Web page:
Hebrews 2:10-15 – “In bringing many sons and daughters to glory, it was fitting that God, for whom and through whom everything exists, should make the pioneer of their salvation perfect through what He suffered. Both the one who makes people holy and those who are made holy are of the same family. So, Jesus is not ashamed to call them brothers and sisters…Since the children have flesh and blood, He too shared in their humanity so that by his death He might break the power of him who holds the power of death—that is, the devil— and free those who all their lives were held in slavery by their fear of death.”

That Jesus needed to take on humanity for the sake of our salvation seems evident throughout Scripture. However, did Jesus need to be conceived by the Holy Spirit, in Mary’s womb for 9 months, born as any other baby, and grow up like any other boy? Could God not have done exactly what He did with Adam and simply created a grown body for Jesus? God does not act without purpose and this passage within Hebrews gives us an indication of what Jesus was doing by submitting to this plan of God–Jesus was sharing in our humanity. Of course, part of what it means to be human is to be conceived, to be born, and to grow up.

We see this same association on the part of Jesus in His baptism (Mt 3:1-17). John the Baptist is on the edge of the Jordan River, proclaiming the need for repentance from sin. John warned people that God’s Kingdom was near and if they were not right with God, they would not participate in that Kingdom. Many people from all over the area came to hear John and many of them confessed their sins and were baptized as a recognition of their need for repentance. One day, Jesus shows up in front of John asking to be baptized and John is bewildered. Jesus is the One that John has been prophesying about–the Promised One, the Messiah who would come and baptize people with the Holy Spirit, representing their eternal association with God Himself. Jesus was going to accomplish all this and Jesus comes to John to be baptized for… what, repentance? John says, “I need to be baptized by you and do you come to me?” (Mt. 3:14). Jesus’ reply is cryptic at the time–“Let it be so now; it is proper for us to do this to fulfill all righteousness” (Mt. 3:15).

In order for us to receive the righteousness of God through the baptism of the Holy Spirit, we would need to be fully associated with Jesus. In order for Him to be the one through whom God’s righteousness is made available to us, He needed to be fully associated with us. So, the sinless one was baptized in a baptism of repentance not for Himself but for us. He endured our suffering and, on the cross, became our sin (2 Cor. 5:21). Hebrews 2 says that in order for Jesus to be our High Priest, in order for God’s righteousness to be made available to us, His life had to overlap our life completely–He had to become like us in every way.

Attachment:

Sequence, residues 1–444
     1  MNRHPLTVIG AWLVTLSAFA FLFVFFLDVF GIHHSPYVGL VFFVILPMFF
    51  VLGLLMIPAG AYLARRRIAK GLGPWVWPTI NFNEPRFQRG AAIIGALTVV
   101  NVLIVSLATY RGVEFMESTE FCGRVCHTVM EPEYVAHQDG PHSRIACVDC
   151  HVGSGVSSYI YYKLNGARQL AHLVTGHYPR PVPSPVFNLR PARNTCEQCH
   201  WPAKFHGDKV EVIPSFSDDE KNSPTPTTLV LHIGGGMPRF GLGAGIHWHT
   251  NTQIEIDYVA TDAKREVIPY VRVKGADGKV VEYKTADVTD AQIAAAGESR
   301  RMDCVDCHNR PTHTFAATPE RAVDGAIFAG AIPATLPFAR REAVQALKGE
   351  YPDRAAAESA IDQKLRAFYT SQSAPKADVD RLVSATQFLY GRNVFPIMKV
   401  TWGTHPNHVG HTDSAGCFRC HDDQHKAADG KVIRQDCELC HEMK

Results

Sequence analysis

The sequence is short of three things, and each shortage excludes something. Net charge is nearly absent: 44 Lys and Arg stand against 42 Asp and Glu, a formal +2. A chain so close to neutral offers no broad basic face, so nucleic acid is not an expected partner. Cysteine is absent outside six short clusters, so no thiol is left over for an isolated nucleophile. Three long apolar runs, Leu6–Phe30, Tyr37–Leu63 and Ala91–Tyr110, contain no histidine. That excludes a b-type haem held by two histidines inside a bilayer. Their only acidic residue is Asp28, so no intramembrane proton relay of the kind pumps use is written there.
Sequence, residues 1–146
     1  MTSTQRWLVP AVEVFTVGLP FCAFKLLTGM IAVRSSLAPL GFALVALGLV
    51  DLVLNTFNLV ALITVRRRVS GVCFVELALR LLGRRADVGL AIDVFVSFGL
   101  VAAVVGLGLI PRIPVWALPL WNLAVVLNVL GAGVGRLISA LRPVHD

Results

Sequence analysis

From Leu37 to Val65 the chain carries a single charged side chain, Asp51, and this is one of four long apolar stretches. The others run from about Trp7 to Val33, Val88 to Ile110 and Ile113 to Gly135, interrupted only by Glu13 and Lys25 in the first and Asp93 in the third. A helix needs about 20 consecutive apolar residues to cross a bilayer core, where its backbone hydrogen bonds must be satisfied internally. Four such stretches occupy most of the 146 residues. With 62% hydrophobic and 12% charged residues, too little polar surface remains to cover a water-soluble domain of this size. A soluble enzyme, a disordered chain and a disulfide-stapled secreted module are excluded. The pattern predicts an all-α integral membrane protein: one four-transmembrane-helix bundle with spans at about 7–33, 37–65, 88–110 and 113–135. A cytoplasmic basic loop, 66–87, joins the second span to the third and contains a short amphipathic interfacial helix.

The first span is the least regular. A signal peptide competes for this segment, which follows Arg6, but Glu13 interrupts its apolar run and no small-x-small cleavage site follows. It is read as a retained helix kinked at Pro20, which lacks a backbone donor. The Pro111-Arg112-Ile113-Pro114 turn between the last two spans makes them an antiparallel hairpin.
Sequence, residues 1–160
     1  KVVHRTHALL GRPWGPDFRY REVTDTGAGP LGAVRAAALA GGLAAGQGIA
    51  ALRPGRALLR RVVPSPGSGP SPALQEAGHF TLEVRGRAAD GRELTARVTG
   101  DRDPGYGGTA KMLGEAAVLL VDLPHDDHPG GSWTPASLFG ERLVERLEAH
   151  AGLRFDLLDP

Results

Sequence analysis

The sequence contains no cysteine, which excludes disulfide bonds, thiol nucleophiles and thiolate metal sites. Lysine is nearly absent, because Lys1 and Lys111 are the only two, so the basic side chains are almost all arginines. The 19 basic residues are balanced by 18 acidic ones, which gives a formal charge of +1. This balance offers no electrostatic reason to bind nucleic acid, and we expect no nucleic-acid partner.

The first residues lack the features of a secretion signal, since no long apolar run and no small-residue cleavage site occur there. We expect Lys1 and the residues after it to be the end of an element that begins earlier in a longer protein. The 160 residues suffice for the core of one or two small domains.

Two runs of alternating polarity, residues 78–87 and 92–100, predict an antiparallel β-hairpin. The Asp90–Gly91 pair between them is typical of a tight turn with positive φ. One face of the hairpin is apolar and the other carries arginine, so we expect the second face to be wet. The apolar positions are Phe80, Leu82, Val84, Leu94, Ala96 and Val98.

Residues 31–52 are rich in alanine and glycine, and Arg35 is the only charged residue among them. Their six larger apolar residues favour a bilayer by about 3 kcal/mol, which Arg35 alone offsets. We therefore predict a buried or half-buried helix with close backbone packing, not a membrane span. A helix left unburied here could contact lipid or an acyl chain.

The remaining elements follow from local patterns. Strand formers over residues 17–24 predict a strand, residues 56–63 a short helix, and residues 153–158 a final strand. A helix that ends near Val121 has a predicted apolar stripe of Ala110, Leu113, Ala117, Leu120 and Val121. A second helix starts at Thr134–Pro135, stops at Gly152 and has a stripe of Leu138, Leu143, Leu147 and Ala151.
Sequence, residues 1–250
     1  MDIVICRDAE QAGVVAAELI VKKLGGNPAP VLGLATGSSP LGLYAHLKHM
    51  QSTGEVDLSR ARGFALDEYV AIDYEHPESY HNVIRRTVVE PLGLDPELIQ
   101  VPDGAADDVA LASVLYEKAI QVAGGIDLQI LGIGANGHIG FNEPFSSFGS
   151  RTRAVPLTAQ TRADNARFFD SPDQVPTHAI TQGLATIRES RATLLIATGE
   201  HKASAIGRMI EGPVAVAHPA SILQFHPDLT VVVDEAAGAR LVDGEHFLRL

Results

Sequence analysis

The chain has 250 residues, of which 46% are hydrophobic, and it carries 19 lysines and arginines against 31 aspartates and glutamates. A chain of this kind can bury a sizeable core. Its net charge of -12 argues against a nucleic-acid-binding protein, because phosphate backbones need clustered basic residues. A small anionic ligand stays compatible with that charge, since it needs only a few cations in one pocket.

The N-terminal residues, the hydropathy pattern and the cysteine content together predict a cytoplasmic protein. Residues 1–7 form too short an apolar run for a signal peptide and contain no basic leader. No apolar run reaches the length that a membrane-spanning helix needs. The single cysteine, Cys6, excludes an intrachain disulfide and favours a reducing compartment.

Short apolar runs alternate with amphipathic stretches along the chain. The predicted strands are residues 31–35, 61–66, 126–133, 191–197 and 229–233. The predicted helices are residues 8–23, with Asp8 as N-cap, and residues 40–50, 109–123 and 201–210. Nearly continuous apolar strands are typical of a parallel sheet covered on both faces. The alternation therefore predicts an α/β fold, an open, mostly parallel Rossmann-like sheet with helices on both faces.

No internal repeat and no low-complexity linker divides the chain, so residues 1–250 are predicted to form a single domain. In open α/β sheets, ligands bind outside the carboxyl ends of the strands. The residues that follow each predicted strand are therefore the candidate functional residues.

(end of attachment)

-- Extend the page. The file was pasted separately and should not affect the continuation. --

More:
And that included the grave. Have you ever wondered, when Jesus said on the cross that ‘It is finished,’ why did Jesus have to be in the tomb Friday, Saturday, and a portion of Sunday? Why death? Why, if He had completed everything that needed to be completed did He not simply come off the cross when it was finished? Because He had not yet shared completely in humanity. To be certain, the atonement for our sin was completed on the cross… but there is more to the plan of God than simply atoning for our sin – much more. In order for that plan to be accomplished, Jesus needed to experience death, even as we experience death. He has walked down the path that we all walk down so that through faith in Him, we might walk with Him down the path He walks down. Jesus did not simply live the life of broken, frail, mortal humanity so that our broken, frail, mortal lives can become the best that they can be. He walked down the path of broken, frail, mortal humanity so that we, through faith, might walk with Him into a complete, empowered immortality.

On this Good Friday, let us not forget that Jesus experienced every aspect of humanity from conception to death and the grave. Jesus understands you not just because He is omniscient – He understands you because He lived a fully human life from conception to death. However, let us also not forget the other end of the grave that will become empty on Resurrection Sunday, blazing for us the only way into eternal life. He went to the grave so that we might exit the grave with Him.

Dr. Russell L. Huizing is the Professor of Pastoral Ministry and Department Chair of the Ministry Leadership Department at Toccoa Falls College in Toccoa, GA. He is also the Pastor at the Sky Valley Chapel in Sky Valley, GA.